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  • Kate 11:12 on 2022-01-26 Permalink | Reply  

    An historian is writing up a paper on the oft-repeated truitism that anglos are the best-treated minority in the world.

     
  • Kate 11:07 on 2022-01-26 Permalink | Reply  

    Some retired cops and a defeated borough mayor have proposed a law‑and‑order plan for the city, which unfortunately is getting mentioned in the media, yet has already been neatly skewered by Ted Rutland.

     
  • Kate 10:38 on 2022-01-26 Permalink | Reply  

    Quebec has enforced a new standard on the CMM to allow more carcinogenic nickel particles in the air.

     
  • Kate 09:39 on 2022-01-26 Permalink | Reply  

    A man who protested having the REM go along Sherbrooke East in his area has got his comeuppance now that a new plan puts the path along Souligny, right past his house. Man, that’s a lot of trouble to deliver a “fuck you” to a private citizen.

    Actually, the plan diverts the REM onto a segment of CN track, intermittently still used by freight. Will this mean CN can’t use it any more? The REM has previously been adamant about not letting its services be delayed by other trains (something Exo has put up with for years).

     
    • Mercier 09:55 on 2022-01-26 Permalink

      The REM always equals ugly aerial structure. They’re only moving the structure from Sherbrooke street to the Souligny train tracks. No sharing of tracks

    • Kate 10:39 on 2022-01-26 Permalink

      Thank you.

  • Kate 16:31 on 2022-01-25 Permalink | Reply  

    François Legault has announced a partial reopening plan for restaurants, theatres and cinemas. Reading this alongside another article where the fire chief explains that so many of his guys are out sick that it’s verging on dangerous, what are we to think?

     
    • Chris 22:52 on 2022-01-25 Permalink

      I guess that covid is here to stay, and that we have to keep calm and carry on as it were.

    • SMD 08:08 on 2022-01-26 Permalink

      I guess that we have given up, and that we have to keep calm and ignore the suffering of those we have decided to sacrifice.

      Reminds me of this pandemic poem:

      To learn to live
      with the virus
      is an easy thing
      all it requires
      is that you
      learn to ignore
      those dying
      from the virus.

    • MarcG 11:25 on 2022-01-26 Permalink

      Or as in the article above, ignore people dying in fires?

    • Chris 11:33 on 2022-01-26 Permalink

      SMD, is it so different from how we “ignore” the 0.5 million that die of flu? Or the 1.4 million that die in car crashes? Or the 8 million that die of air pollution? (All figures global, per year.)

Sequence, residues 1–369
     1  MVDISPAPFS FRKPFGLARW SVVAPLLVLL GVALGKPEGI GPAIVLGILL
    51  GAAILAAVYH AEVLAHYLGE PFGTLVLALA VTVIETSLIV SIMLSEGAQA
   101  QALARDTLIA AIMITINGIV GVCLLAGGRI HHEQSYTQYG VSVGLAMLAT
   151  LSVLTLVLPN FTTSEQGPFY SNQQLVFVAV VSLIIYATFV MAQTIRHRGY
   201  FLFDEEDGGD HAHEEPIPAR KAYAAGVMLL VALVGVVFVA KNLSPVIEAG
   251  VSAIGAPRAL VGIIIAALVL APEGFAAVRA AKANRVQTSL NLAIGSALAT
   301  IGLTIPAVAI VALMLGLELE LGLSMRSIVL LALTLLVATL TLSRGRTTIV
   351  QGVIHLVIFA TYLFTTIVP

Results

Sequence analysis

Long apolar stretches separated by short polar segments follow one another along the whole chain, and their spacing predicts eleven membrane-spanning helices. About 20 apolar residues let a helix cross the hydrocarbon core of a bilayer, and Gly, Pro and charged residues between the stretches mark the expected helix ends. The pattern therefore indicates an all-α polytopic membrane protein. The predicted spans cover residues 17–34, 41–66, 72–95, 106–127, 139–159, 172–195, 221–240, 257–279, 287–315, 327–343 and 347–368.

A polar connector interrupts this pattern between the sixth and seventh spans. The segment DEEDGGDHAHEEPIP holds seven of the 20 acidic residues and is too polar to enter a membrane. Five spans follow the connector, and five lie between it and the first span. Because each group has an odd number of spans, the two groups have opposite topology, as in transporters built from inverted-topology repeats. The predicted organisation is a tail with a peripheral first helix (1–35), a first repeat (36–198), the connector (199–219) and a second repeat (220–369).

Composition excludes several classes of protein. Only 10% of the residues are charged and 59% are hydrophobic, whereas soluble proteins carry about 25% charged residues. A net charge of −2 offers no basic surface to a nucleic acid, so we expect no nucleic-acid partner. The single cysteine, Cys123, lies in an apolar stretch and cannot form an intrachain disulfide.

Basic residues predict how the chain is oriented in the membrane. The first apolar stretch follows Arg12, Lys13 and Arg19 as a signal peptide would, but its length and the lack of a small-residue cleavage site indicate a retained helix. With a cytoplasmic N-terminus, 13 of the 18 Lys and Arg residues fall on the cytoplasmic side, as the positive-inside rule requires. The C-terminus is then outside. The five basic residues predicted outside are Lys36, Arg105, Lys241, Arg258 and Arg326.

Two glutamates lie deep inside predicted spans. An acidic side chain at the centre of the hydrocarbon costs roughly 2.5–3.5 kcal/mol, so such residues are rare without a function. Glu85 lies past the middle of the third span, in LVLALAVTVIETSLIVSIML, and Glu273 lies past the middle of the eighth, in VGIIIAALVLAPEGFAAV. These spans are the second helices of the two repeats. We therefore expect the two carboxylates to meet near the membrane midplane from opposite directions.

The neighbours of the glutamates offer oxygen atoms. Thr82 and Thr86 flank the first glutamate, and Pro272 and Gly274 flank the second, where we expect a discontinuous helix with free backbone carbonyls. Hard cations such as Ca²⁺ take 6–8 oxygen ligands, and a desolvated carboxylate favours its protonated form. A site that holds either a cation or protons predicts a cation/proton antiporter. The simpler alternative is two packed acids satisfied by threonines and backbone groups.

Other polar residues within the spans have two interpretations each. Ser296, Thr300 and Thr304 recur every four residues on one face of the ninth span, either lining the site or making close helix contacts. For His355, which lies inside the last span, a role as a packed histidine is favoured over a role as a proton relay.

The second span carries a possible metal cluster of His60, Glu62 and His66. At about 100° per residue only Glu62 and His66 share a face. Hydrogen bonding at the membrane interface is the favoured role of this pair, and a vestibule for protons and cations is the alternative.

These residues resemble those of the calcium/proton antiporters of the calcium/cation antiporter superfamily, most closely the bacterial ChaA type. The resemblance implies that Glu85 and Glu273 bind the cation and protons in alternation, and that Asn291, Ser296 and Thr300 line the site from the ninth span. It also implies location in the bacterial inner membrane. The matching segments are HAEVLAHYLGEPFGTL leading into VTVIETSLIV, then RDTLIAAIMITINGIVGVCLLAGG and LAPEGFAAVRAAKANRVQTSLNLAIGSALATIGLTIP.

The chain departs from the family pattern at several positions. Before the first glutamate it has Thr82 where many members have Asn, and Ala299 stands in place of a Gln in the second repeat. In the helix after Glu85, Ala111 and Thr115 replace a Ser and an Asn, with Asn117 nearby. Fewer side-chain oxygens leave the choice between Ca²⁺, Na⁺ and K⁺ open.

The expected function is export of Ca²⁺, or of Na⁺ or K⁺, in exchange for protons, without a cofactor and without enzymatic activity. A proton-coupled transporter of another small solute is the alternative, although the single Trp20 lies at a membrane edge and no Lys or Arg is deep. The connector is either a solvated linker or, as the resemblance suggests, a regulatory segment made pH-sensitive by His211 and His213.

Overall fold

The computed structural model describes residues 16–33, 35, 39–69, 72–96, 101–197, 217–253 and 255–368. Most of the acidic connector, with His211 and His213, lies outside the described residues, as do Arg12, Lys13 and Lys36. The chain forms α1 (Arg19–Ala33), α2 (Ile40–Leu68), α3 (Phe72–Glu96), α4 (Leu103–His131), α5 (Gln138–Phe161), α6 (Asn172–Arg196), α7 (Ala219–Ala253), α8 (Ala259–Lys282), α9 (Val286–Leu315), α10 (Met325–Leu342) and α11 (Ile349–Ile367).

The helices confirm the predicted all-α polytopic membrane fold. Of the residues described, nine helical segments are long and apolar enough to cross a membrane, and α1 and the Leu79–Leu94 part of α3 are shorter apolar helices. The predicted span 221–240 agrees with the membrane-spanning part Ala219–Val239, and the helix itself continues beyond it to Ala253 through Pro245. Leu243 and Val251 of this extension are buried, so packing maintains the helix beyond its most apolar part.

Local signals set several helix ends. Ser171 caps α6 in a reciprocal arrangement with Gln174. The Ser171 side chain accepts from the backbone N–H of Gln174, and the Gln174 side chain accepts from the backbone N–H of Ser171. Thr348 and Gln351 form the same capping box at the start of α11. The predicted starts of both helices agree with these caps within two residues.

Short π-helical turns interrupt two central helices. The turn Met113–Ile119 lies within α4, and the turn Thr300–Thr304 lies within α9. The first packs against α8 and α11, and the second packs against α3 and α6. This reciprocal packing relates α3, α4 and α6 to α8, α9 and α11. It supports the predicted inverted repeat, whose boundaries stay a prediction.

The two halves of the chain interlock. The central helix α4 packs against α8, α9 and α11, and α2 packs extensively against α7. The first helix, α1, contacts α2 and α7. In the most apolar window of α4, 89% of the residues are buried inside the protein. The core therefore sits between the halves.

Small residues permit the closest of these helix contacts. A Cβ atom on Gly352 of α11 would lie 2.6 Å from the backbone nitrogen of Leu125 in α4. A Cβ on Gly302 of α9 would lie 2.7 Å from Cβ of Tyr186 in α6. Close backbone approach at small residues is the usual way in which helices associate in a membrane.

They aren’t totally ignored, there are some mitigations in place to keep those numbers from being even bigger. It’s a trade off. We accept some deaths for the benefits of industry, car travel, etc. And we’ll surely keep some covid mitigations too. But we can’t stay at red alert forever.

  • Kate 13:34 on 2022-01-25 Permalink | Reply  

    Two properties on Esplanade south of Mont‑Royal, left to rot for decades, will finally be sold. One has already had to be demolished. These were handsome stone-fronted buildings which, had they been maintained, could still be in use. I can only hope that whatever’s built on the empty lot will be in harmony with the buildings already there.

    I did a bit of looking back and note that in 2019, the demolished building was taken apart carefully. I don’t know whether they will really be able to reassemble it as it was, or even if they should do so. We don’t construct buildings the same way now. A new building in the same form factor, integrating that façade, would be the ideal. The other building, still mostly standing, could get the same treatment because I doubt it’s worth trying to return the interior to livable condition. But it will all cost someone a pretty penny and those condos will not be cheap.

     
    • walkerp 13:53 on 2022-01-25 Permalink

      I want to know Guy Desrosiers story, but prima facie, he is going to architectural hell.

    • Kate 15:42 on 2022-01-25 Permalink

      walkerp, you asked the same question 2.5 years ago. I don’t think I’ve ever seen any explanation of what Desrosiers thought he was doing with those two properties.

    • Max 20:50 on 2022-01-25 Permalink

      Thanks for scaring up the 2019 article. I was wondering about that this morning.

      I’m confident that the facade will go back up as part of the eventual redevelopment. It’s not like we have a shortage of qualified stonework artisans, and who wouldn’t want to live in a modern apartment, on a quiet tree-lined street, facing Mount Royal, behind an authentic greystone facade? I’d be first in line if I had the means to take on a $1M+ mortgage. That little strip’s on par with Carré St. Louis in terms of desirability.